Two Shows, Four Sides.

After the debaucherous excess that is Art Basel season in Miami, the Broward art scene strikes back with a dose of plain and straightforward. Enough with the once-a-year art snobs and thinking outside the box. If you’re looking for an opportunity to exhibit your work, these two open calls are a great opportunity to get your feet wet. Any media, any theme, as long as it’s got four equal sides. It’s time to square up!

Bear and Bird’s open call shows are always a sight to be seen. From the raw, developing talent of teenage manga hopefuls to internationally recognized illustrators, as long as you’re local and can drop your work off in time, you’re welcome to show your work. Intake for Be There, Be Square is Saturday, February 11 – Sunday, February 26, 2012, free of charge. Artwork must be perfectly square and no larger than 14″x14″. Click the image above for full details.

ArtServe is doing a similar show a little earlier than Bear and Bird’s, and you are restricted not only by shape, but size as well. All works must be exactly 12″x12″. Intake is Saturday, Feb. 4, 10am – 2pm. ArtServe members can submit up to three pieces at an entry fee of $30. If you are a member of a participating art organization, your fee is $20, and regular folks will pay $40 for up to three pieces. More information is available by clicking the image above.

I’ve definitely gone and bought my square canvases and sketched out a few ideas, but I’m having a crisis, people! Since winter break ended I’ve hardly touched a paintbrush or marker. It’s true that I’m pressed for time, but the reality of my procrastination is more due to some critical thinking about what kind of art I want to do, and show. I tend to use easy exhibiting opportunities like the ones listed above less to stretch myself creatively and more to force myself to practice canvas painting and do other non-tattoo related work. For Creep Cinema a few months back, I totally cheated and submitted a piece of tattoo flash that I really loved and have gotten a lot of feedback from, and I think that it makes good business sense to do that more often – but I feel like a sellout. I’m not sure to what. I guess I just don’t believe that strongly in the legitimacy of tattoo flash as a showable piece of work. All I used to want to be able to do was draw and paint tattoo flash competently. And now I can, and I feel that it’s not good enough to show, it’s just “work”. But then when I see tattoo-related stuff  in other shows, especially by non-tattooers, I get pissed off that I don’t take my stuff more seriously. What the hell is wrong with me?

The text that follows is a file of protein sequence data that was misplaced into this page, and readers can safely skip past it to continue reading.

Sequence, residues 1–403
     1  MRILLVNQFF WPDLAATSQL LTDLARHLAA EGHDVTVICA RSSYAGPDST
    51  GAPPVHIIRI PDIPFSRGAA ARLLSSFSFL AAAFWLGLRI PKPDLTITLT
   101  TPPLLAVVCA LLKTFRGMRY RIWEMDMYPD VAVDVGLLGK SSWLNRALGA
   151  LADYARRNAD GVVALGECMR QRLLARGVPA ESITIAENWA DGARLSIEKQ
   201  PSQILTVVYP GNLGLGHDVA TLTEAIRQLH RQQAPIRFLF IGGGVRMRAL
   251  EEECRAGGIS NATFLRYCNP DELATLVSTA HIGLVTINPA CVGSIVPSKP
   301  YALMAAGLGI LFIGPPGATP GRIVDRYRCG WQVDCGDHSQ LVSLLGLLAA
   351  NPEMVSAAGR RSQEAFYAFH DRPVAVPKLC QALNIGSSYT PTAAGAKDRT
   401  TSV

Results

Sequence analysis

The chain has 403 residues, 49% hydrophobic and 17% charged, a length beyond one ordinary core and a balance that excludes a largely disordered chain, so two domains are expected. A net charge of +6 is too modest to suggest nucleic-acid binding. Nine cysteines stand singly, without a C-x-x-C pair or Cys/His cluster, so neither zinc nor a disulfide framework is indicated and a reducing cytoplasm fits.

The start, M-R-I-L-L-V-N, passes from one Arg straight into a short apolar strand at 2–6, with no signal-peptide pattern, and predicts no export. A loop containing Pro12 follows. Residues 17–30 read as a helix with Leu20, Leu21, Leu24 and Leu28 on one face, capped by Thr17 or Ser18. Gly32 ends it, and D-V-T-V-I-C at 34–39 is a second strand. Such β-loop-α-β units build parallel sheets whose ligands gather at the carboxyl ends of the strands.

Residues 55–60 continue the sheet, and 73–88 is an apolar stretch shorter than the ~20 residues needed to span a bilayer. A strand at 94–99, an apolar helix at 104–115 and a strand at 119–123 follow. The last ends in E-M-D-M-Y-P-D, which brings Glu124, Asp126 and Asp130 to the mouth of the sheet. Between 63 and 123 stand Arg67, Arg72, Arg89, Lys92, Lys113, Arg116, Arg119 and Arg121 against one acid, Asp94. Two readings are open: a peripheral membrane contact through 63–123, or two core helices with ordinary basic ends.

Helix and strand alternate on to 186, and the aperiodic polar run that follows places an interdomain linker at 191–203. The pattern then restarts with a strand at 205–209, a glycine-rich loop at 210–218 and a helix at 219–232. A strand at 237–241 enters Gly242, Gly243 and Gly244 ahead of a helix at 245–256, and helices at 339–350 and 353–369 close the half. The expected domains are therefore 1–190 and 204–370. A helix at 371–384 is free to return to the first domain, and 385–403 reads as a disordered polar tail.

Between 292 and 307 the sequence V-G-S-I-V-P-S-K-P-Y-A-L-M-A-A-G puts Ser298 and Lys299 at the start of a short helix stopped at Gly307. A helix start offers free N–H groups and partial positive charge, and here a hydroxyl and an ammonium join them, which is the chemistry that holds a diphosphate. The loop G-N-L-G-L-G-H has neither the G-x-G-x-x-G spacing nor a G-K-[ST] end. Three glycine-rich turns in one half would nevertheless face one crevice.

What do you guys think? Do I pitch the canvases and show off what I do best, or keep the public opinion of my art low by continuing to enter my experiments? Are there areas in your life where you feel torn between doing what you can do and doing what you want to be able to do?


About Kristyn Michele Bat

Teacher, tattooer, artist.


  1. Why can’t it be both? You certainly need to realize that your tattoo flash is art. That’s first. But there is legitimacy to “experimenting” and continuing to challenge yourself. Half and half. 🙂

    • It’s true. But with limited exhibiting opportunities and actual time to “free paint”, I feel like I need to maximize my art making. Flash is definitely art, I just don’t know that it’s how I want to represent myself outside of the tattoo shop. I don’t want to use my status as a tattooer as a crutch. I think the more I stretch myself in my creative life, both tattooing and non-tattooing, the more benefit all around.

  2. Pingback: Perfect Saturday | Kristyn Michele Bat

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